Mechanisms for the reduction of 24,25-dihydroxyvitamin D3 levels and bone mass in 24-hydroxylase transgenic rats.

Naobumi Hosogane, Toshimasa Shinki, Hisao Kasuga, Shigehisa Taketomi, Yoshiaki Toyama, Tatsuo Suda

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Abstract

24-Hydroxylase (CYP24) is an enzyme distributed in the target tissues of 1alpha,25-dihydroxyvitamin D3 [1alpha,25(OH)2D3]. Two functions for this enzyme have been reported: One is production of 24,25-dihydroxyvitamin D3 [24,25(OH)2D3] and the other is inactivation of 1alpha,25(OH)2D3. To elucidate other physiologic roles of CYP24 in vivo, we previously generated rats that constitutively express the CYP24 gene. These transgenic (Tg) rats developed unexpected phenotypes, such as low plasma levels of 24,25(OH)2D3, lipidemia, and albuminuria. In this study, we elucidated the mechanisms for inducing low plasma 24,25(OH)2D3 levels and bone loss. Tg rats excreted massive amounts of vitamin D binding protein (DBP), which coincided with the loss of albumin. In Tg rats, the renal expression pattern of megalin, which serves as an endocytotic receptor responsible for the reuptake of urinary proteins such as DBP and albumin, was identical to that of the wild-type rats. Excreted albumin appeared to compete for the binding and reabsorption of the DBP-25-hydroxyvitamin D3 [25(OH)D3] complex with megalin, resulting in a loss of 25(OH)D3 into the urine and subsequent reduction of plasma 24,25(OH)2D3. In this prominent rat model of nephritis, supplementation of 25(OH)D3 was effective in preventing bone loss in an early stage of renal insufficiency.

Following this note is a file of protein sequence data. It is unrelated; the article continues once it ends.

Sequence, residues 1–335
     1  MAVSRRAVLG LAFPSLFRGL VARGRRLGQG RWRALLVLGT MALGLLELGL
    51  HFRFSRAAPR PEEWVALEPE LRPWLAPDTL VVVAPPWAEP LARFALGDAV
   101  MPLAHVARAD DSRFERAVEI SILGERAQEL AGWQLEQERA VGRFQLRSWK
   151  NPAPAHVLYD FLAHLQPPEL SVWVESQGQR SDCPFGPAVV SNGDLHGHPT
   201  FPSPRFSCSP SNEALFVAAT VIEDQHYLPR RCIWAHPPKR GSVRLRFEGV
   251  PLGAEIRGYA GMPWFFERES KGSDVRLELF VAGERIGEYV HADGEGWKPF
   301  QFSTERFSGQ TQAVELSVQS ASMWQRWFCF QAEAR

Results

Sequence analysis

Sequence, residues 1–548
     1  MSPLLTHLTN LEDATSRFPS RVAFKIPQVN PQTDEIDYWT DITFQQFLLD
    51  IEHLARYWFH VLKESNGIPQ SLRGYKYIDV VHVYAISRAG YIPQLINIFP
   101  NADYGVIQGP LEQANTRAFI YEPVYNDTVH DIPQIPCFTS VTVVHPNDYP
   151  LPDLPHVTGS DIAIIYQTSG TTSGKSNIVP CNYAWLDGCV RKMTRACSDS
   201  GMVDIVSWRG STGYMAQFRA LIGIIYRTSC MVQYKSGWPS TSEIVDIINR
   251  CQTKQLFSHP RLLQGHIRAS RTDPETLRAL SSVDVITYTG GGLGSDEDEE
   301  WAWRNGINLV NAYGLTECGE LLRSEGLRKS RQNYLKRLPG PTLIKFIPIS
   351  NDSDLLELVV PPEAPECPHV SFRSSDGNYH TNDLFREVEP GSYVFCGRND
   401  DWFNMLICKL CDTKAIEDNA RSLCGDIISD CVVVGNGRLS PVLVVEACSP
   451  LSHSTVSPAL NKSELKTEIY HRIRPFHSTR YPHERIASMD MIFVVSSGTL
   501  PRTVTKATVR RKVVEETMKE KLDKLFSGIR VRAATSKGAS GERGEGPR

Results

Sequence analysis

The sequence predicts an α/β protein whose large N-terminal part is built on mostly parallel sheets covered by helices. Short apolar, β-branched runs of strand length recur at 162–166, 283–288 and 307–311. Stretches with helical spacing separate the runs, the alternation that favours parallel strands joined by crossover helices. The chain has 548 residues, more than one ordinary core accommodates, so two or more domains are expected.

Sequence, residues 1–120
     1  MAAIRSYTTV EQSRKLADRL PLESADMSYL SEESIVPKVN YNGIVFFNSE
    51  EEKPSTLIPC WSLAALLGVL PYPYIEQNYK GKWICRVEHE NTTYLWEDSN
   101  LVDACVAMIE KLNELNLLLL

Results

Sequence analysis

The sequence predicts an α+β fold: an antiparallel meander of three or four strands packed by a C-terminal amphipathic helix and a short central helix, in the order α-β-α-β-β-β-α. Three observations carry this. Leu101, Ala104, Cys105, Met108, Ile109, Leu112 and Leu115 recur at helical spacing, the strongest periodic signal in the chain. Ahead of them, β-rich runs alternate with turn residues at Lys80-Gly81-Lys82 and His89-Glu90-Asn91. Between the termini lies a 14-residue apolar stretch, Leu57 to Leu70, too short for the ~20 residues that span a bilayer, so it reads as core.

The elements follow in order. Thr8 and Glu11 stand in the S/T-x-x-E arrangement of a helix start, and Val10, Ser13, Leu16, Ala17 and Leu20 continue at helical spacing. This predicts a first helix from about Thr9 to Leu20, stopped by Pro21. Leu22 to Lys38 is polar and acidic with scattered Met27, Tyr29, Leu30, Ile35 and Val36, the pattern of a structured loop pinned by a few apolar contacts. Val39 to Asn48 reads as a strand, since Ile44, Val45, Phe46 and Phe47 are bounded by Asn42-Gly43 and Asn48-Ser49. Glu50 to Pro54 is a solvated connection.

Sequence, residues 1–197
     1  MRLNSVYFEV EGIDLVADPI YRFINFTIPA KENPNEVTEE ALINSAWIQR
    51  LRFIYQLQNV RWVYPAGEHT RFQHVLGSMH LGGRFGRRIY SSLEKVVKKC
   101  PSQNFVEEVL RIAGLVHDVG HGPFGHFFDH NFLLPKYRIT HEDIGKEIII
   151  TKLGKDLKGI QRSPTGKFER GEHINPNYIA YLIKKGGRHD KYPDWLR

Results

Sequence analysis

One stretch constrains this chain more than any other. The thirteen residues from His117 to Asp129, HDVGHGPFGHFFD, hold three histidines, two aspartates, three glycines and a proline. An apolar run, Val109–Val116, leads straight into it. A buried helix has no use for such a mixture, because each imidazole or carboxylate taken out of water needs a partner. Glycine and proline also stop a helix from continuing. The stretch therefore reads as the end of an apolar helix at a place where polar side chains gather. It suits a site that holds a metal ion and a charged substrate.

Original languageEnglish
Pages (from-to)737-739
Number of pages3
JournalThe FASEB journal : official publication of the Federation of American Societies for Experimental Biology
Volume17
Issue number6
Publication statusPublished - 2003 Apr

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ASJC Scopus subject areas

  • Biotechnology
  • Biochemistry
  • Molecular Biology
  • Genetics

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